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Fruits of the City grows its model for fresh food access in Twin Cities
At most food shelves, canned and boxed food is king. Though this is the case mostly for practical reasons, more and more research points to a simple truth: fresh fruit and vegetables are an important part of a healthy diet and people of lower income, especially in urban neighborhoods, aren't getting access to them.
While resources like community gardens cover more ground around the cities, The Minnesota Project, a non-profit with program work in local food and sustainable agriculture, has set its sights slightly higher to find a solution, onto the branches of local fruit trees.
Modeled on similar efforts in Seattle, San Francisco and Vancouver, the Fruits of the City program began last year with around 100 homeowners across the metro area donating the surplus of their fruit trees. Armed with more than 200 volunteers to glean the trees, the program gathered and donated over 15,000 pounds of fruit to local food shelves.
Now in its second year, Fruits of the City is ready to build on its successes. According to Dave Glenn, Director of Operations at the Minnesota Project, they hope to surpass 25,000 pounds of donated fruit this season. Though the number seems big, with a growing network of landowners and volunteers as well as a new partnership with Second Harvest Heartland, Glenn believes it is achievable.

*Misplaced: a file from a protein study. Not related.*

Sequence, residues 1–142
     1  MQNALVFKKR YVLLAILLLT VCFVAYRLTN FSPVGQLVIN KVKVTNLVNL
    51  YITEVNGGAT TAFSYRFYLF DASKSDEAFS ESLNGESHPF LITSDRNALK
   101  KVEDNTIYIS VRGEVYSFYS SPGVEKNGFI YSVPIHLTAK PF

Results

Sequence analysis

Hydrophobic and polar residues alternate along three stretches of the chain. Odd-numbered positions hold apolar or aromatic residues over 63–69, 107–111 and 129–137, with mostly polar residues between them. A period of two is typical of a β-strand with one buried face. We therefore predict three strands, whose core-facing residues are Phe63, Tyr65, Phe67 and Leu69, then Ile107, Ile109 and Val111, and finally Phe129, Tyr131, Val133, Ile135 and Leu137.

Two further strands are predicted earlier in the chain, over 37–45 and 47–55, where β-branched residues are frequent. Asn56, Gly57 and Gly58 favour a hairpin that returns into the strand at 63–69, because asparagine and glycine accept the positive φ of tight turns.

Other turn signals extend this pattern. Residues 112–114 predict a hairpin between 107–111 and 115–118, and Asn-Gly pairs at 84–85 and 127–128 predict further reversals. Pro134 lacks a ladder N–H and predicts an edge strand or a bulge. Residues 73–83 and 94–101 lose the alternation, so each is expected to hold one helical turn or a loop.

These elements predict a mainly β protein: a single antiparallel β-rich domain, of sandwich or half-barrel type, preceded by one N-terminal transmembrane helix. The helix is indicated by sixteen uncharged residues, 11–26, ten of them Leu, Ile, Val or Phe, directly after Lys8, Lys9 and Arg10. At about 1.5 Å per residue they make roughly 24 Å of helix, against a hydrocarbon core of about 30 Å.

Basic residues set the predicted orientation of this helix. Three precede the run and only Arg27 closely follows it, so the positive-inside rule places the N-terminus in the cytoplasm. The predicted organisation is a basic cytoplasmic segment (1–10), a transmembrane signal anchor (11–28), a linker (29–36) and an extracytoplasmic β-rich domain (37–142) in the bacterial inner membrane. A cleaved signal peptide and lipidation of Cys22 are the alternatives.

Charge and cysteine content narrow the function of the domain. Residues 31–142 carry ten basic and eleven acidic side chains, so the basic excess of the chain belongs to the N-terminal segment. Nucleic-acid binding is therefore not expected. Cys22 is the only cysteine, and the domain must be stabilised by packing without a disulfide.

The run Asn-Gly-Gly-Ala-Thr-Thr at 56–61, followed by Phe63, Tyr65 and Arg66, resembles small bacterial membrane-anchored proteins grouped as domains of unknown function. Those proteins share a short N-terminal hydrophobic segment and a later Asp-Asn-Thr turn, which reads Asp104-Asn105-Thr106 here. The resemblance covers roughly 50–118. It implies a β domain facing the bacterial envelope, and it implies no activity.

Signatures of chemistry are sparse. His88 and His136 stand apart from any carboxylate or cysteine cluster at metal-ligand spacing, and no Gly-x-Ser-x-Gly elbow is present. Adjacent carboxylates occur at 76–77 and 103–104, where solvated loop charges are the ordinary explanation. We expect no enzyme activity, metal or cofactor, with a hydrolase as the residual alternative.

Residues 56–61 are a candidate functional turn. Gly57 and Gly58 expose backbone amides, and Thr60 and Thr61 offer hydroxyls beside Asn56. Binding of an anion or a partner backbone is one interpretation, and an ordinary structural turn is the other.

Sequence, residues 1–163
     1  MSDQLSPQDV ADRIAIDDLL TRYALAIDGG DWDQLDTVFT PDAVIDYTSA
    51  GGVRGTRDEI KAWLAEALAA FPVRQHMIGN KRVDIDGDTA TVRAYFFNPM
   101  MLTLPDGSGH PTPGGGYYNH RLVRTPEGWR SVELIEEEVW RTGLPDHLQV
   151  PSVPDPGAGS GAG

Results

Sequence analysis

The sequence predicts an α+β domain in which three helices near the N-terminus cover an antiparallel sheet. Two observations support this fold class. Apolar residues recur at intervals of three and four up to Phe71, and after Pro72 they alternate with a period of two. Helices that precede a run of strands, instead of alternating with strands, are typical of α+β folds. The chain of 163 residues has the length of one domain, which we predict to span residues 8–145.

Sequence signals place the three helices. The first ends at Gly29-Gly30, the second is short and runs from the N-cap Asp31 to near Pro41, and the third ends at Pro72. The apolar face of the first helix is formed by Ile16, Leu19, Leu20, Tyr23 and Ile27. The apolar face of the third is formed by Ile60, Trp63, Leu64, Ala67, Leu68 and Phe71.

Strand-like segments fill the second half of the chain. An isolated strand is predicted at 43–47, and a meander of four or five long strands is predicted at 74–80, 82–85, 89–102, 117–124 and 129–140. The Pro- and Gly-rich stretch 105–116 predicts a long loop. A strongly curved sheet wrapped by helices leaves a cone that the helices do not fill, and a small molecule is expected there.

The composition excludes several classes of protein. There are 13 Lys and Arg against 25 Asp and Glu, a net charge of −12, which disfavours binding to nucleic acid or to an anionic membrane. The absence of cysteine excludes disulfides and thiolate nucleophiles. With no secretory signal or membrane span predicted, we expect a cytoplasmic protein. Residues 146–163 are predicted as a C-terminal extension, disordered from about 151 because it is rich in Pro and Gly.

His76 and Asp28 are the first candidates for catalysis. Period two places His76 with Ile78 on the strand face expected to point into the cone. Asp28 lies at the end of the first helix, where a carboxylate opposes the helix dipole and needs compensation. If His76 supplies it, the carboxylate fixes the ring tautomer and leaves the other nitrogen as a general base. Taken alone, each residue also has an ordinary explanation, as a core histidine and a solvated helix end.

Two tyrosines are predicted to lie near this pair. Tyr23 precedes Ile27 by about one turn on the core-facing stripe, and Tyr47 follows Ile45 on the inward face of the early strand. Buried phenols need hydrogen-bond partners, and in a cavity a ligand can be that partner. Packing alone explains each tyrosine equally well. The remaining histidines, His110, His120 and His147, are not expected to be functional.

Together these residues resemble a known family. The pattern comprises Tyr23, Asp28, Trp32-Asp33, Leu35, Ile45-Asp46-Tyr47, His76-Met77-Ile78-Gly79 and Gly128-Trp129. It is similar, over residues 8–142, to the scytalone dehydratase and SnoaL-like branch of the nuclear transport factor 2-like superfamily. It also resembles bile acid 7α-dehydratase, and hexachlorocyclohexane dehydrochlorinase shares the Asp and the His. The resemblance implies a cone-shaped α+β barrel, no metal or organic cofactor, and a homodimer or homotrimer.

Fruit is not the only benefit reaped from the project. Volunteers get the chance to be outside, meet other people in their community with similar interest, and connect with the local food system. Homeowners avoid the nuisance of smelly fallen fruit, and. starting this season, will have the opportunity to take classes with an arborist from the Minnesota Landscape Arboretum to learn how to care for their fruit trees.
"Many homeowners we work with inherited their fruit trees or have just never learned how to take care of them," says Glenn. Now that the fruit has a purpose however, homeowners are showing more interest in increasing yield and keeping their trees healthy.
In addition to simply increasing yield, Fruits of the City is expanding its vision. They are currently working with local community garden support group, Gardening Matters, as well as Minneapolis Park and Rec about the possibility of community orchards.
In the long term, Glenn says, the Fruits of the City vision is bigger than just the metro area. "We're working out the bugs," Glenn explains. "We're building a model to take to other communities in Minnesota."
Anyone interested in becoming more involved with Fruits of the City is invited to an informational kick-off party being held July 11th from 12:30 to 2:00 p.m. at Beard's Plaisance on Lake Harriet. Online registration at http://www.mnproject.org/food-Registration2010.html
©2010 Sarah Vig